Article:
Men who know they are likely to die. And there in the midst of them is Robert, looking his cocky self, but also showing the fear that must have been there, knowing he has thrust himself deep into a truly dangerous reality. To think, he was an acquaintance in high school, a truly stunning transition and one I know transformed him.
Robert’s story is an extreme one, one he survived, and I only really got to know him a bit after that, as he came out to see my band in later years. He made it back and is the editor of a small town paper somewhere, a less dangerous but equally uncertain job. The arc of a life.
Journalists, as I have pointed out earlier, have chosen a different life than other writers, a possibly more pragmatic one. Especially those who choose to enter areas where their own life is at risk. For the rest of us, those zones of danger are more internal and the risks we take may be of losing ourselves in search of mysteries.
That was always my desire. Did I achieve it? Sometimes. But my choices now look to me like I took an equally dangerous but far more comfortable route through life. Martinis can kill or maim you on many levels, as I learned again and again.
This time, I like to think I am choosing a new path, one that currently excites me. We’ll see if my Kintsugi Masters have truly started the repair process. They’d say they were just doing their jobs.
I have not been able to write or even read this week as my eye heals. I’m just beginning to be able to do these precious things, which in itself is a gift. So there was no issue of The Witness Chronicles this week. It will return on Wednesday.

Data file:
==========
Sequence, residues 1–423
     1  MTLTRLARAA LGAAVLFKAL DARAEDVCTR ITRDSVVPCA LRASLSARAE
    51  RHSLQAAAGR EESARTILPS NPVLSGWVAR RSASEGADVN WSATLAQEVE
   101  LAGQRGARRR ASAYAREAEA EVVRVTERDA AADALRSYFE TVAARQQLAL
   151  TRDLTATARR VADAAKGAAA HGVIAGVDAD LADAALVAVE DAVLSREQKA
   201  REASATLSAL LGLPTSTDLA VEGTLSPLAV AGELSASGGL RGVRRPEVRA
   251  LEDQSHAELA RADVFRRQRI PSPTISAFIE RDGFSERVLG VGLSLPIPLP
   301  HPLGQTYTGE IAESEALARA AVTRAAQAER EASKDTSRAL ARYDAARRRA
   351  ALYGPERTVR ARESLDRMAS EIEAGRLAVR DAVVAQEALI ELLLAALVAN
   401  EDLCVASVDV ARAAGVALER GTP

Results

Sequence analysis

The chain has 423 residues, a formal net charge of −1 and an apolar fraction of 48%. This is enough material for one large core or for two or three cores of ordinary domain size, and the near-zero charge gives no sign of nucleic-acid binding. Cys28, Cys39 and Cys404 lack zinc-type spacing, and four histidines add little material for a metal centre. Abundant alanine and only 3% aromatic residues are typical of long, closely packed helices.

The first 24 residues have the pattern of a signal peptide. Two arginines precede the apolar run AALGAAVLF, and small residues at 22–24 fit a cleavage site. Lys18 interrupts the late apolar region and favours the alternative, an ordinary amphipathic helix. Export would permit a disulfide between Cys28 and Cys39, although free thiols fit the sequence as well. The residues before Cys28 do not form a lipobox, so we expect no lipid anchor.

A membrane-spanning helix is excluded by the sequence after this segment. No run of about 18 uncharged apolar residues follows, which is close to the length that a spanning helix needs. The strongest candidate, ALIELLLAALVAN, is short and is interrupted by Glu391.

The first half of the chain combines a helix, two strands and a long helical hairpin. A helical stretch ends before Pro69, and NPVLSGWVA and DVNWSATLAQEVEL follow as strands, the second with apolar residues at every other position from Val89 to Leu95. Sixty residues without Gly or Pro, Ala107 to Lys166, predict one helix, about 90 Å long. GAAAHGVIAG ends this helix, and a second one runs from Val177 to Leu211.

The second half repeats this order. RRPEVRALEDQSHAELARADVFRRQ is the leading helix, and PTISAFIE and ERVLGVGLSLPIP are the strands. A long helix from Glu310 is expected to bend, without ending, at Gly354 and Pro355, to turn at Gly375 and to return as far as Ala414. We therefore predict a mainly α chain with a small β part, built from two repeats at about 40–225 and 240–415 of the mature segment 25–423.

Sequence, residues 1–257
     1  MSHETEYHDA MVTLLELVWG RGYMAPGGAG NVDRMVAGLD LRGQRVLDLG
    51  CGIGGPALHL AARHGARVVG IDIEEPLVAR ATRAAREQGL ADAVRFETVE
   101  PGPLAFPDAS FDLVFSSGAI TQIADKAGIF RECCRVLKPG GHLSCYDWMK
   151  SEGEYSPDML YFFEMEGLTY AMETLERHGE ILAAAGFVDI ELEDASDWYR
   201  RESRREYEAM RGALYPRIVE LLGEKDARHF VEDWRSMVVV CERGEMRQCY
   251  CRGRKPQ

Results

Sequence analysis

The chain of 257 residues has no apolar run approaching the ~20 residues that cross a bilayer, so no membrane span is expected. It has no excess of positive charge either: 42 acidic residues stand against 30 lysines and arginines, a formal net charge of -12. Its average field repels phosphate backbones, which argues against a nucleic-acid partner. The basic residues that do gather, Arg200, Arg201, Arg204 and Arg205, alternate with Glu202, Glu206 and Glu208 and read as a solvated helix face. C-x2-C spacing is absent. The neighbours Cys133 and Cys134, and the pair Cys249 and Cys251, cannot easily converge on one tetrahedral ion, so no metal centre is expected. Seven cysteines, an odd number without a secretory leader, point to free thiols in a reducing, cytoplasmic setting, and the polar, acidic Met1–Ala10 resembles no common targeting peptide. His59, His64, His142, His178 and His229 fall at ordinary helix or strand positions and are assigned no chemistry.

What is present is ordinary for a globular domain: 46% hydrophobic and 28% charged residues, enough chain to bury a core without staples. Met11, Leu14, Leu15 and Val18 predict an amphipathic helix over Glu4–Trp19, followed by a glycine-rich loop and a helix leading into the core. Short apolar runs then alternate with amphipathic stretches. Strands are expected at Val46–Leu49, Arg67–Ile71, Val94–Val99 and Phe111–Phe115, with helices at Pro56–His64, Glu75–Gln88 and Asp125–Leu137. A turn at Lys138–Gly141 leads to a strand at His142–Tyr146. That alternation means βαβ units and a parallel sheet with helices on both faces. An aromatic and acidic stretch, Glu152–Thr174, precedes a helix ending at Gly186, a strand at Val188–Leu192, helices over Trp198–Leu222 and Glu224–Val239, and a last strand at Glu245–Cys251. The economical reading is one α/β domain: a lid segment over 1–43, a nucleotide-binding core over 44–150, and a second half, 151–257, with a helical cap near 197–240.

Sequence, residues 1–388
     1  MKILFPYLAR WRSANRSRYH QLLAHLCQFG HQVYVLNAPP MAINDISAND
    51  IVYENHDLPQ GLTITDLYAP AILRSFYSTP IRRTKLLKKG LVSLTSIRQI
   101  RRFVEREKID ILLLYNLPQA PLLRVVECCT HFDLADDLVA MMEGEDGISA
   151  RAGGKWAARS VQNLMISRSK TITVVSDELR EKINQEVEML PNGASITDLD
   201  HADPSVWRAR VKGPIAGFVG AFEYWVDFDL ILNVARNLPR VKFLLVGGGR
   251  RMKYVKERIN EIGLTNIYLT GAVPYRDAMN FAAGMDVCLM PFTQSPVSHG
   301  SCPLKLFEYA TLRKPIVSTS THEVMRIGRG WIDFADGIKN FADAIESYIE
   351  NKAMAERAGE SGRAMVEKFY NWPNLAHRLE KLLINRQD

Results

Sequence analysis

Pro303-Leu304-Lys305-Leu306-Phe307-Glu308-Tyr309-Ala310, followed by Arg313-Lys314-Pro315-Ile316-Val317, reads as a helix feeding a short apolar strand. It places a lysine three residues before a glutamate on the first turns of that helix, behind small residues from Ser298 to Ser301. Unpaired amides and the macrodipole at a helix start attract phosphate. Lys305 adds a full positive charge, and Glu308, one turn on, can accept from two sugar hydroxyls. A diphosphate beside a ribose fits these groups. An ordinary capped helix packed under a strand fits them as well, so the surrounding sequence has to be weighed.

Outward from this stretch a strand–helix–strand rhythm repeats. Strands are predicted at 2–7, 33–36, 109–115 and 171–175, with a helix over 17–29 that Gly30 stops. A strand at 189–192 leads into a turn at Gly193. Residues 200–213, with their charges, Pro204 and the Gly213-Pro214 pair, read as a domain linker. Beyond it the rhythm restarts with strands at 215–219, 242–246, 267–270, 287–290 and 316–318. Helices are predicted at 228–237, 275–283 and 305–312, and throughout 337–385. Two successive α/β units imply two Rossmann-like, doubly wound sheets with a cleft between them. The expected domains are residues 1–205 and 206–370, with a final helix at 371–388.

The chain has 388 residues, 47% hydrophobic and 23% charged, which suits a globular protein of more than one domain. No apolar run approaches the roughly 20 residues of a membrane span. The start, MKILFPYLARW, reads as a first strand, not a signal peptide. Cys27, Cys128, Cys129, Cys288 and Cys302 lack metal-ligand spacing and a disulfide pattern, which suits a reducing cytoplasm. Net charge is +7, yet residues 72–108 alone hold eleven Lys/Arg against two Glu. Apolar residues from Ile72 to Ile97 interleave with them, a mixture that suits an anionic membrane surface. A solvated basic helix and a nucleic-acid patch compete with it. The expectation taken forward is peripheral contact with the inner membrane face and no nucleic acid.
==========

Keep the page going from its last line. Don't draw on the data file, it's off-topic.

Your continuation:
My family and friends have been incredibly generous during this personal crisis, as were the healthcare pros who patiently stitched me back together without judgment. These people are amazing, especially given the hell they have been through in the recent past.
It sounds very woo woo but if you’ve been stuck and trying to make changes in life, stick to those changes. Like writing, you write the words (changes) down one at a time, not sweating the results, until one day you’ve built something, the novel of your life.
It can be done, many have done it.
I can honestly say writing The Grasshopper has been transformative. Looking at the comments after the last issue told the story of my fall from grace, my readers chimed in as friends and supporters. Thank you to every one of you.
This ability to make direct connections with thousands of readers is an amazing gift to any writer or artist, especially those of us who are not performers. I have a history as a musician and live performance is what I miss about it, those moments when you operate in real time.
This may not be real time but it is close. I was never of the letter writing generation and letters now seem to me something precious we have lost, a paper arriving in the mail from a friend describing their life. But as writers today we have an even better option.
When I write The Grasshopper, I always feel like it is one on one with something bigger than myself, not unlike meditation. Obviously I am counting gifts these days and there are many.
Did you write today?